A couple days after Christmas, my family and I flew into Belize and jumped into a van that took us, three hours later, to Hopkins Village, on the Caribbean coast. The drive, first on the Northern Highway, then the Western to one of my favorite names for a road, the Hummingbird Highway, finally to the Southern Highway, was an adventure of potholes, jungle-clad mountains, “sleeping policeman” (the ubiquitous, teeth-shattering speed bumps that are the only method of getting drivers to slow down) and an unending narrative of jokes, puns, history and legends from our driver.
He told us that in Belize, they’re not very creative with town names. The town with many ladies is called Ladyville. The town that sprung up from refuges of Hurricane Hattie is called Hattieville. The town with a lot of rocks is called Rockville. I asked him if there were a lot of frogs in Hopkins. … It took him a minute.
I wasn’t here for a reading, so it’s a little tricky on my part to include this on the Hundred Highways Tour. But I did visit Miss Bertie’s Community Library where Dianne had me sign a copy of Vagabond Song to add to the library’s collection (and besides, it’s my tour – I make the rules).
This beautiful little gem of books was created by “Miss Bertie,” a Peace Corps volunteer, in 2007 and has been serving both the children and adults of Hopkins ever since. It was great to visit and see the single room building full of kids after school, discovering new worlds within the pages of the mostly donated books. A library is the heart of a community. A communal gathering place where people can become stronger, more human (and humane). Where life can take on new vistas, horizons can be rendered boundless.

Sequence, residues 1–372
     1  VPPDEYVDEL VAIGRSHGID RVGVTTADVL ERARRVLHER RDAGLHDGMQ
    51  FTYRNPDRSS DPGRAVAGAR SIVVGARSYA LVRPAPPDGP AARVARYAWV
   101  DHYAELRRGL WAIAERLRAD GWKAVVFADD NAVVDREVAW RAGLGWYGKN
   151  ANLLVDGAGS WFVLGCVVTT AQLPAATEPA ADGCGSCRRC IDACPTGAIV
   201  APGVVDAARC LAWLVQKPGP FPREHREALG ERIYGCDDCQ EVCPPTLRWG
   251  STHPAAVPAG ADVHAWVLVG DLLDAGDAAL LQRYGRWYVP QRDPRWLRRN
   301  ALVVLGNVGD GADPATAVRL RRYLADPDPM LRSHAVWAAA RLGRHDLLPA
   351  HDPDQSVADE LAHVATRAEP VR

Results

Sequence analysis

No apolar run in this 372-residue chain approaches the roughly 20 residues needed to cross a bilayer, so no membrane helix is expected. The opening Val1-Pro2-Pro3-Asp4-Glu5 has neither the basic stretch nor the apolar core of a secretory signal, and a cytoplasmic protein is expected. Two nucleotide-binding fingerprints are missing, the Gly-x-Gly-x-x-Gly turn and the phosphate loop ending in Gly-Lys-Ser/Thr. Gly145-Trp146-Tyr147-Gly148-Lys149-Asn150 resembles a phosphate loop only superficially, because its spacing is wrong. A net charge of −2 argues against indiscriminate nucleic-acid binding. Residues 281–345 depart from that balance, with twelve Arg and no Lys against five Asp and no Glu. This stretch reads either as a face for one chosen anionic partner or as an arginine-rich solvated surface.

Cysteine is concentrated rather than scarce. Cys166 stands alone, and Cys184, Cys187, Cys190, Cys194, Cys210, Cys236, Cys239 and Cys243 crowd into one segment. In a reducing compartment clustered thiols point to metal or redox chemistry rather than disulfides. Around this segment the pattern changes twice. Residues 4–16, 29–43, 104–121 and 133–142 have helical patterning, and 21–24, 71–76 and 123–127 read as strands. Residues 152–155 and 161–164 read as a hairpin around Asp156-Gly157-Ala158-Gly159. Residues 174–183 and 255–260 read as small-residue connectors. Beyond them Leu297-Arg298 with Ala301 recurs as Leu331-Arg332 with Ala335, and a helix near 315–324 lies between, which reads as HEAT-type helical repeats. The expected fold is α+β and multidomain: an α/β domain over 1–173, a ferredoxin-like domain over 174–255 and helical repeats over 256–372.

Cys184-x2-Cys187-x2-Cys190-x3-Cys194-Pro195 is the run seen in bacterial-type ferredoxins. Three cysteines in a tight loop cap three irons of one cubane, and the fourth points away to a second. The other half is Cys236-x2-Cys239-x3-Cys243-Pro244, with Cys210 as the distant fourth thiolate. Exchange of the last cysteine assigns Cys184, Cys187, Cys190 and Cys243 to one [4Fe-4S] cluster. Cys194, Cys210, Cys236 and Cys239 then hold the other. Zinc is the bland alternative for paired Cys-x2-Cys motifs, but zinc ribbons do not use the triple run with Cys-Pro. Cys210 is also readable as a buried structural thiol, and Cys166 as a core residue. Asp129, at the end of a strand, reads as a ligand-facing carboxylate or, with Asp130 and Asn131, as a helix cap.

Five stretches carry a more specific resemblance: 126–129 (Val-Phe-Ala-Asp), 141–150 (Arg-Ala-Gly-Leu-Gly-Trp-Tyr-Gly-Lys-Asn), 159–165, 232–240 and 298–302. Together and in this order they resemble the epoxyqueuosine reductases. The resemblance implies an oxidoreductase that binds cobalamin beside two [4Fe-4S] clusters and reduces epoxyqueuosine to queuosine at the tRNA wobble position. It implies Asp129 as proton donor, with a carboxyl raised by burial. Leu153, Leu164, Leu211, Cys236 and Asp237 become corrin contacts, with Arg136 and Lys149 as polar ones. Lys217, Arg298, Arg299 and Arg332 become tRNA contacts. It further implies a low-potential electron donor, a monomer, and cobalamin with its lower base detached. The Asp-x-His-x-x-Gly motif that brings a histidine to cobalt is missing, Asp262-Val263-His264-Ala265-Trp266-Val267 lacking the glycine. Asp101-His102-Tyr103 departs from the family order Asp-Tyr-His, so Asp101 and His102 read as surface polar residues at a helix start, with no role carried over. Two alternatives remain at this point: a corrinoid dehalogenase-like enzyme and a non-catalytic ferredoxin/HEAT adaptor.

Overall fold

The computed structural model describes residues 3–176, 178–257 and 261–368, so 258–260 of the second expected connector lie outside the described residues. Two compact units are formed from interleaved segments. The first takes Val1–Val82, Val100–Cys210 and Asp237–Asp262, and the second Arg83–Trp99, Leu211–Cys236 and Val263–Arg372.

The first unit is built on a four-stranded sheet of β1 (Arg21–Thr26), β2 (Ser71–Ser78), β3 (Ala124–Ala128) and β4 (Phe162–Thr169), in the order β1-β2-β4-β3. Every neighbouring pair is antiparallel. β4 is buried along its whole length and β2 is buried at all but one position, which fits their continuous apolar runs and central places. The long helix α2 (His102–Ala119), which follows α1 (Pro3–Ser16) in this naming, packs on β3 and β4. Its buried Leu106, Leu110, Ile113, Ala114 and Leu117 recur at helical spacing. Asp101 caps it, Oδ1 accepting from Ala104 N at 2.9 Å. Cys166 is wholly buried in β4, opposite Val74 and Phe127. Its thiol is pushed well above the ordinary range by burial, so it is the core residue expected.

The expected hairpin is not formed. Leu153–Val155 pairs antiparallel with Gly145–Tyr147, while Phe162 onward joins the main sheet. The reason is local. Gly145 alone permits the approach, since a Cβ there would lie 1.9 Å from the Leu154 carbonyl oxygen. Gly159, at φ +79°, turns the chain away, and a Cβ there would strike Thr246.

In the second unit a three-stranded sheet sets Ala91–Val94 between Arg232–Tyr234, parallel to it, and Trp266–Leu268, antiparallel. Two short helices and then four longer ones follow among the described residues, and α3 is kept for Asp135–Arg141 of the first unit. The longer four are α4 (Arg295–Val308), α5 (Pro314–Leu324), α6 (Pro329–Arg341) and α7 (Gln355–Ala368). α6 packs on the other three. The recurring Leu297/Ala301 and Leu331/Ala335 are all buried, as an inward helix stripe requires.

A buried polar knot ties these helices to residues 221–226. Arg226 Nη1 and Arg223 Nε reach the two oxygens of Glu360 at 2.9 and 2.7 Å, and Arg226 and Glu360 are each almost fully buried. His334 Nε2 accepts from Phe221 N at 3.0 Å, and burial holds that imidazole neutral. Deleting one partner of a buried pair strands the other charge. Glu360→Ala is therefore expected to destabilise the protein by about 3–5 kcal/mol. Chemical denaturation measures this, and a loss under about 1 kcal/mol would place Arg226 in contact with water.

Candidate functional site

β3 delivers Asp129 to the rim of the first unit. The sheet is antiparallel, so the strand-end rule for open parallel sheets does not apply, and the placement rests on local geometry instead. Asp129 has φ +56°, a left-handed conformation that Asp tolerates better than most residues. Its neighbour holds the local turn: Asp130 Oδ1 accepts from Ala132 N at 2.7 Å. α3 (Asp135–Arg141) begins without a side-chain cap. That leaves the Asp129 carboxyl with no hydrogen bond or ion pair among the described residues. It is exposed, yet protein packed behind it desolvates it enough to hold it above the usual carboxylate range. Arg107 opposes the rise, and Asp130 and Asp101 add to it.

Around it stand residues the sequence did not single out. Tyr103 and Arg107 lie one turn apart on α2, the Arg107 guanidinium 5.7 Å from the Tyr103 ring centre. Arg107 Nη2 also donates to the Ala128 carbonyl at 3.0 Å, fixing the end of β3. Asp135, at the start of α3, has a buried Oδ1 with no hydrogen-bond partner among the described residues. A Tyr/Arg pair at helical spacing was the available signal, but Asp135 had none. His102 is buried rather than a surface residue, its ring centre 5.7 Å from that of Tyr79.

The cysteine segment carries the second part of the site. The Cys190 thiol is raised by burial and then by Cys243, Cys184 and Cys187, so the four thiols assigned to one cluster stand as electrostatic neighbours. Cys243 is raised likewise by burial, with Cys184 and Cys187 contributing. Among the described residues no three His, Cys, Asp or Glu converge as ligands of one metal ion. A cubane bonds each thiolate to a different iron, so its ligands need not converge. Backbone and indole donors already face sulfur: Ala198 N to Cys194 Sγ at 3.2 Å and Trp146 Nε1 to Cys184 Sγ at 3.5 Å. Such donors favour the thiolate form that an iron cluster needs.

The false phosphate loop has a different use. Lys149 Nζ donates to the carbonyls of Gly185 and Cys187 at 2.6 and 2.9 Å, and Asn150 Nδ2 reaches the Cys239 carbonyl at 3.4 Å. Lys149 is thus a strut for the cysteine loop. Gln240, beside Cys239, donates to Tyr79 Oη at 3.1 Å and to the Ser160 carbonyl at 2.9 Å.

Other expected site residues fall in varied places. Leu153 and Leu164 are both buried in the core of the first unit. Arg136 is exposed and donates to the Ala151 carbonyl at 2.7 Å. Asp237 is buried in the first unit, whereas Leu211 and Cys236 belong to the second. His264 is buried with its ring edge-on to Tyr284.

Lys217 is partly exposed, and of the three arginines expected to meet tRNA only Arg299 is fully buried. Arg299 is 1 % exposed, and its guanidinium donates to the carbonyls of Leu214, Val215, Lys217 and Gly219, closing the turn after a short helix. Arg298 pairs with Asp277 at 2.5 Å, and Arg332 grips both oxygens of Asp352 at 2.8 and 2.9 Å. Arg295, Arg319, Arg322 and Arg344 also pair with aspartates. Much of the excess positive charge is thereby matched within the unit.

A highlight of the trip was floating an underground river in St. Herman’s Cave. Descending into Xibalba, the Mayan Underworld, the flickering of bats, the crystal clear water. At one point, I stopped below a shower dripping from a stalactite and allowed the holy water to wash over my face. Our guide, Vida, noticed me and said, “Getting a good Mayan blessing, huh?” He knew exactly what I was up to.
In the rainforest along the Monkey River, with Howler Monkeys filling the air with their mad whooping, I resisted the temptation to wander off from our group and become a little creature of the jungle. Maybe a jaguarundi or a paca, the “royal rat.” The immensity of green, the water-soaked air, and the glittering of sunlight through twenty-foot leaves quickly cast their spell. I was spell-bound. A month later, the charm has yet to fully wear off.
New Years Eve at the Swinging Armadillo
Hopkins Village, Belize
Half-moon rising from the sea:
a bowl of oranges & black flowers
on a tablecloth of stars
Garifuna drummers pounding out
the final moments of the year
hearts become drums with hides stretched taut
Soon winter will feel like winter again
but for now everything is music
& waves unfold on the dock like orchids